Identity Thieves Targeting The Dead

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Las Vegas, NV (KTNV) — Your social security number is the one thing you're told not to give out to just anybody. But what happens to it when you die? One Valley woman says thieves are targeting the one person who can't fight back, her dead husband. So how could that happen?

"You think when somebody dies their identity is supposed to die with them," said Joanne Edling.

But Joanne knows all too well that isn't the case. When her husband, Hans, died in January 2011 she did everything a grieving widow would. She planned his memorial service, wrote his obituary and dealt with lots of legal and financial paperwork.

"He was a tough person. He handled death strong he was not bitter," said Joanne.

So in March 2011 when Joanne went to file Hans' tax return, she says she got quite a surprise from the IRS. She says they told her a tax return had already been electronically filed for her husband.

"I said it wasn't filed by me and it wasn't filed by my husband because he's deceased," said Joanne.

Joanne says that's when she realized her late husband was a victim of identity theft. She filed an affidavit with the IRS and was in for an even bigger surprise.

"Somebody filed a false return in Florida under my husband's social security number they also opened a bank account to get that money directed into their account," said Joanne.

We contacted the IRS who couldn't comment specifically on Hans' case. Joanne says her husband was retired and didn't pay many bills online.

"I would have made sure his obituary was not out there if I knew this was going to be the result of it," said Joanne.

She thinks she knows where the thief got his information.

When she got his death certificate, she says she couldn't believe Hans' full social security number was on there.

In Clark County, you get death certificates at the Southern Nevada Health District at the Vital Records office. The Southern Nevada Health District says they don't blur out social security numbers since their requirements for obtaining a death certificate are fairly strict. They say they request a copy, you need to be a direct family member or someone with a vested interest and you have to show ID.

Action News checked with some counties in neighboring states to see if they do the same thing. Maricopa and Pima Counties in Arizona choose to block out the social security numbers for the very reason that worries Joanne.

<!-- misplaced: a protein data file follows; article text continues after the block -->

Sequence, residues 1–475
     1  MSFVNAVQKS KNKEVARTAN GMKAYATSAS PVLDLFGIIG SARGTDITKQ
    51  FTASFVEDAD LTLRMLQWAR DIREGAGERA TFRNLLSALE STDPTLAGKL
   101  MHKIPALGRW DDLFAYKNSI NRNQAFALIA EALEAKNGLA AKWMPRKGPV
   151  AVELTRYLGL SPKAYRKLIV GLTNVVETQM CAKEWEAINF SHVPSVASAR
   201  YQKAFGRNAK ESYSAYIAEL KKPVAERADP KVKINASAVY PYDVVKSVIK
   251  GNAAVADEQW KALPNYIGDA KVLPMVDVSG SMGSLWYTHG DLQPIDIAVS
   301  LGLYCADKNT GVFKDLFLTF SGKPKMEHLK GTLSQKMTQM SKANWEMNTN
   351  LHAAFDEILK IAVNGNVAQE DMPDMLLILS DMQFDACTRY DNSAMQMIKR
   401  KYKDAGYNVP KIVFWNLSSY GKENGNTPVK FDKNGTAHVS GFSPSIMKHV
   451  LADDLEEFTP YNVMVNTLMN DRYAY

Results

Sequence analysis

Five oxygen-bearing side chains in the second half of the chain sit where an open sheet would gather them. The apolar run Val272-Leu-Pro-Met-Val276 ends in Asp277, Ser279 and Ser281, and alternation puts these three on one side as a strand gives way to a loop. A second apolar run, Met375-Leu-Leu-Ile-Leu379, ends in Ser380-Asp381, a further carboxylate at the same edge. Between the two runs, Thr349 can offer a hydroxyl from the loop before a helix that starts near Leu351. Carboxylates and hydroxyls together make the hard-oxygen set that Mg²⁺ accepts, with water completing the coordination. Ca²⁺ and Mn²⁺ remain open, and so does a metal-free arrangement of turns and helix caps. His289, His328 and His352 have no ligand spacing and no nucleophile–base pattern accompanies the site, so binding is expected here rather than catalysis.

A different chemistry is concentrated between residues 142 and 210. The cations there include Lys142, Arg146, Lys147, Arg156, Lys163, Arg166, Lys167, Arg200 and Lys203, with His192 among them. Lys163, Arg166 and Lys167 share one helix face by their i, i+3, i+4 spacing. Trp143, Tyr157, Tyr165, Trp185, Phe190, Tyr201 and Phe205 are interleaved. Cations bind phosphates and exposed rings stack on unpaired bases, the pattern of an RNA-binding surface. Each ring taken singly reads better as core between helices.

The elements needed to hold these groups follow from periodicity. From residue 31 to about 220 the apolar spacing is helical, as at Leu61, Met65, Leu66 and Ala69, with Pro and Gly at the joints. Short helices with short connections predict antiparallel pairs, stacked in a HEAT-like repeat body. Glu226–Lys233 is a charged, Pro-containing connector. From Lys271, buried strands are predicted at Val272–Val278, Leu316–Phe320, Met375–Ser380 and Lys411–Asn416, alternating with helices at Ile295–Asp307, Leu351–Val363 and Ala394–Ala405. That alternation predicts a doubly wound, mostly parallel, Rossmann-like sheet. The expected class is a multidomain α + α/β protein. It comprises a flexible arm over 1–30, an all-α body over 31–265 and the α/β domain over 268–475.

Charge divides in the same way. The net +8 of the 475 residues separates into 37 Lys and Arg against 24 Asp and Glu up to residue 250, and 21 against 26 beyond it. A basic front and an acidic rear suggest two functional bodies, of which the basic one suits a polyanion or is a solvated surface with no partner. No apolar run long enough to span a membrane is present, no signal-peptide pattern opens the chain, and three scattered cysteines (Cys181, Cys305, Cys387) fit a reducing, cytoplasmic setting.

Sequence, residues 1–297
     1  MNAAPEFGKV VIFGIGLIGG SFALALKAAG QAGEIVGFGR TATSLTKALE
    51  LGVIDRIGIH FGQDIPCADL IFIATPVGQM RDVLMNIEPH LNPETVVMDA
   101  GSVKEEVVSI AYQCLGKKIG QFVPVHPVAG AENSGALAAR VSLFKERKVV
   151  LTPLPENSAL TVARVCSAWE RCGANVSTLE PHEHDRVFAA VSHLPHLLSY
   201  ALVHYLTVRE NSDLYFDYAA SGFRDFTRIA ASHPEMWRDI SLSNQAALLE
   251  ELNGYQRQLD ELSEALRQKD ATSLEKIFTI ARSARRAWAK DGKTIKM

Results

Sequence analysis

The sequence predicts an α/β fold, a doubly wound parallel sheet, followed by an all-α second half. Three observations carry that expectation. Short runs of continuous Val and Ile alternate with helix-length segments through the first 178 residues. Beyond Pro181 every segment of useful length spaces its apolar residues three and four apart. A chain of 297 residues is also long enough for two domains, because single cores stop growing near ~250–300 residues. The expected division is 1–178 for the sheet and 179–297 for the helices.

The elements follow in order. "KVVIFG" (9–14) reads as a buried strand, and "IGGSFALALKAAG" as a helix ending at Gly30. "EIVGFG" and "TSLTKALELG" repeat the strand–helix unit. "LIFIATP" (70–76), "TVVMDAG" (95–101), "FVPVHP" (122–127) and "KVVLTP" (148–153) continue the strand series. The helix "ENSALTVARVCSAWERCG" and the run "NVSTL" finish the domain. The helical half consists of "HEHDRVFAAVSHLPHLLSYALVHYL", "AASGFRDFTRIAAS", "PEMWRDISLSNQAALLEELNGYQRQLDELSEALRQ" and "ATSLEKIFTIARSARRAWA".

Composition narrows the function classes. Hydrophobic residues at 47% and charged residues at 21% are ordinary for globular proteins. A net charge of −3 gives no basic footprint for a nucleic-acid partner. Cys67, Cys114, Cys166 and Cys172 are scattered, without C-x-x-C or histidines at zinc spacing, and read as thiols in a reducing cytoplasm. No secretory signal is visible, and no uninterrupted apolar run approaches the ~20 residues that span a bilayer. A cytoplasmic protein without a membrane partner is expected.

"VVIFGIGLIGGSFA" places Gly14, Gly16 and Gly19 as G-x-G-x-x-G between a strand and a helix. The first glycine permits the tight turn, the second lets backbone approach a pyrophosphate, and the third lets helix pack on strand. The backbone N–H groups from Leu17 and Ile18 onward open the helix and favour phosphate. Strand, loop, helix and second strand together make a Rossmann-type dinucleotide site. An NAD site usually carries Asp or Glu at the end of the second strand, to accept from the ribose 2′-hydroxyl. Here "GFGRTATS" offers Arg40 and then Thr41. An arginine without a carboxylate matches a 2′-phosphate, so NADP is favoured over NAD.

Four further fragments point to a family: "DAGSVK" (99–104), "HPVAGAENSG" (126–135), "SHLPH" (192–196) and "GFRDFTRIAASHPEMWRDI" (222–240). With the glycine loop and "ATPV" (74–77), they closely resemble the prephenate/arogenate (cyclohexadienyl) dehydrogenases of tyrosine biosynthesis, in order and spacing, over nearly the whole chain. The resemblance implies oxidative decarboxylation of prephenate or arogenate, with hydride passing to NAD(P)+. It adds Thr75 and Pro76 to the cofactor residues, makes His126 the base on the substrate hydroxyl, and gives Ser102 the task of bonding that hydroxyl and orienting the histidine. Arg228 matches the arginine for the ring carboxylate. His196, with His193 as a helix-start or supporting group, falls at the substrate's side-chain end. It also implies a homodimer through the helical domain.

"They're making it too easy for identity fraud to take place," said Joanne.

Social security numbers of the dead also get filed into a database called the Social Security Death Master File.

While the Social Security Administration doesn't give the public access to it, other agencies do.

The National Technical Information Service sells an annual subscription to it. Carmen Balber with Consumer Watchdog says the hope was to create a master file so crooks couldn't use dead people's social security numbers to open credit cards or get a mortgage. But she says it's having the opposite effect.

"No one is ever 100% certain where an identity thief gets their information so the reason that many people have identified with the Death Master File as a source is because it's often the only place that the specific social security number is available," said Carmen.

She says the answer isn't to get rid of that database, instead just put less information in it.

"If the Death Master File simply excluded date of birth and age from that database it would be much more difficult for identity thieves to use that information," said Carmen.

Action News talked with a Social Security Administration spokesman who admits they're aware of concerns of ID theft with the Death Master File.

But they say it would take lawmakers to change it since it's a system that's been in place since 1980.

Joanne says this whole ordeal has just made the pain of her loss that much more difficult for her and her son.

"He says mom if I found out who is doing this I'm going to be really mad and I feel there's nothing I can do," said Joanne.

Joanne says she's still waiting for updates on the case from the IRS. But she says the local agent told her the thief got $2,600 hundred dollars from the false return.

If your loved one has died experts say be sure to inform credit card companies and banks.

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